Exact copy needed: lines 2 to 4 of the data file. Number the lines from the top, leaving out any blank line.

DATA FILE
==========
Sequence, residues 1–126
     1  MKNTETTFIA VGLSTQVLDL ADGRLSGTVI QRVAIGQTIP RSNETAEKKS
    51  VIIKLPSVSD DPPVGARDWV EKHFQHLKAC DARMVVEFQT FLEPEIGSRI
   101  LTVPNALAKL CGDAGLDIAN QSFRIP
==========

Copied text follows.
     1  MKNTETTFIA VGLSTQVLDL ADGRLSGTVI QRVAIGQTIP RSNETAEKKS
    51  VIIKLPSVSD DPPVGARDWV EKHFQHLKAC DARMVVEFQT FLEPEIGSRI
   101  LTVPNALAKL CGDAGLDIAN QSFRIP